Formula One: Lewis Hamilton urges push for human rights ahead of Bahrain GP
Ahead of Sunday's Bahrain Grand Prix, Lewis Hamilton has said Formula One has a “consistent and massive” problem it must address with human rights abuses in countries where it holds races.
The seven-times world champion was speaking on Thursday in the kingdom, which has been accused by UK MPs and rights groups this week of sportswashing, torture and oppression.
“The human rights issue in so many of the places we go to is a consistent and massive problem,” said Hamilton.
“It is very, very important. This year has shown how important it is for not only us as a sport but for all the sports around the world to utilise the platform they have and push for change."
On Tuesday, 30 cross-party UK MPs wrote to F1’s chief executive, Chase Carey, highlighting a host of concerns with the oppression and maltreatment of citizens in Bahrain.
Layla Moran, foreign affairs spokesperson for the Liberal Democrats, sent the letter on behalf of the signatories, stating that human rights must be made a priority.
“It’s deeply disappointing that we haven’t seen more progress from F1 when it comes to sportswashing and Bahrain’s human rights record... We can’t let human rights ever be a secondary consideration,” she said.
Labour Party MP for Hammersmith, Andy Slaugher, said that Formula One has long been silent on the issue of human rights.
“At a time when many sportsmen and women are speaking up more clearly on human rights issues and addressing the concerns of their fans, the long silence of Formula 1 on the appalling human rights record of countries like Bahrain, which host lucrative races and sportswash their reputation while clamping down on their own citizens for the race period, becomes more noticeable and less defensible,” Slaugher said.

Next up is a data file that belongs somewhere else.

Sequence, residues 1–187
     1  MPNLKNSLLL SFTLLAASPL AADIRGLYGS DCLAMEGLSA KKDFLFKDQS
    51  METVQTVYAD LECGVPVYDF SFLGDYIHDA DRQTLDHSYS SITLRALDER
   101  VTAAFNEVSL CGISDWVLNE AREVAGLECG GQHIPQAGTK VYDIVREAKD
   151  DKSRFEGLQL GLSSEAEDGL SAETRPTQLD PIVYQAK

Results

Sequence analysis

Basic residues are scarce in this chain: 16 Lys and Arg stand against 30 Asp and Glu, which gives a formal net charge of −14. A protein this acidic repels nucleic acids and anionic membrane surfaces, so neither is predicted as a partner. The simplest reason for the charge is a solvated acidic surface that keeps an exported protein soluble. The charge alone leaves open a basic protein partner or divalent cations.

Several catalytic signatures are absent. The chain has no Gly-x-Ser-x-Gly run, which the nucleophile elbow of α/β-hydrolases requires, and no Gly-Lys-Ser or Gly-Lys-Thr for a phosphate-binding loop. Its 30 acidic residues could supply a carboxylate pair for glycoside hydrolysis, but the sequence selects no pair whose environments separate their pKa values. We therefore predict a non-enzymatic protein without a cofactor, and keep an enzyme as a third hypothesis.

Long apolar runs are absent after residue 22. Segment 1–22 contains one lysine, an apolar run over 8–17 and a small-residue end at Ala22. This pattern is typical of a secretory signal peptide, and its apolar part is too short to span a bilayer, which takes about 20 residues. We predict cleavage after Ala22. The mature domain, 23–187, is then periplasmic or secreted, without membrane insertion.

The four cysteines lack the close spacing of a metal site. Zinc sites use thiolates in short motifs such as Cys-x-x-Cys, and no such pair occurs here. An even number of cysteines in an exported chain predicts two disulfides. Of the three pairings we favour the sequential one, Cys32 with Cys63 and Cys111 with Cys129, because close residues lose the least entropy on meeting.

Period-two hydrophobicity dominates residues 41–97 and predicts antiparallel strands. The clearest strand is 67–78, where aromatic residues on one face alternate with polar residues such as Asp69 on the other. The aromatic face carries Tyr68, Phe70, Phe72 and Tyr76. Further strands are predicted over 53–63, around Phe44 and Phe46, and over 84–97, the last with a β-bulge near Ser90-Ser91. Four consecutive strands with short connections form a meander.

Letters to Hamilton
Meanwhile, a collection of human rights groups, led by the Bahrain Institute for Rights and Democracy (Bird), also wrote to Carey on Wednesday, claiming that the Bahrain Grand Prix “has become a focal point of popular protest and serious human rights abuses have been committed by Bahraini security forces against protesters”.
A document put together by Liberal Democrat peer Paul Scriven, Sayed Ahmed Alwadaei, the director of the Bird, and Husain Abdulla, the executive director of Americans for Democracy and Human Rights in Bahrain, had collated personal letters from three Bahrainis to Hamilton.
The authors, who outline some of the human rights abuses in the country, are described as current and former political prisoners.
Confirming he had recieved the letters, Hamilton said: "I've not had a lot of time to digest them so that's something I definitely need to take some time to do over the coming days."
Authorities in Bahrain, which is hosting two consecutive Grand Prix, have since issued a statement rejecting claims of human rights abuses and sportswashing.
Online, a social media campaign, using the hashtag #Race4Rights, has gained traction, and is being used to highlight human rights abuses in the country and pressure Formula One to make human rights issues a priority.
Saudi Arabia, which will be hosting a Grand Prix next year, has also previously been accused of sportswashing their human rights record.
The long term partnership with Formula One is understood to be for ten years.
Last month, Minky Worden, the Human Rights Watch director overseeing sport, said that hosting sporting events was part of a strategy to gloss over human rights issues.
“Sporting bodies like Formula One and the FIA cannot ignore the fact they and fans are being used for sportswashing... it is part of a cynical strategy to distract from Saudi Arabia’s human rights abuses, detention and torture of human rights defenders and women’s rights activists,” said Wolden.
In 2015, again ahead of the Bahrain Grand Prix, Formula One published a statement committing the sport to respect for human rights.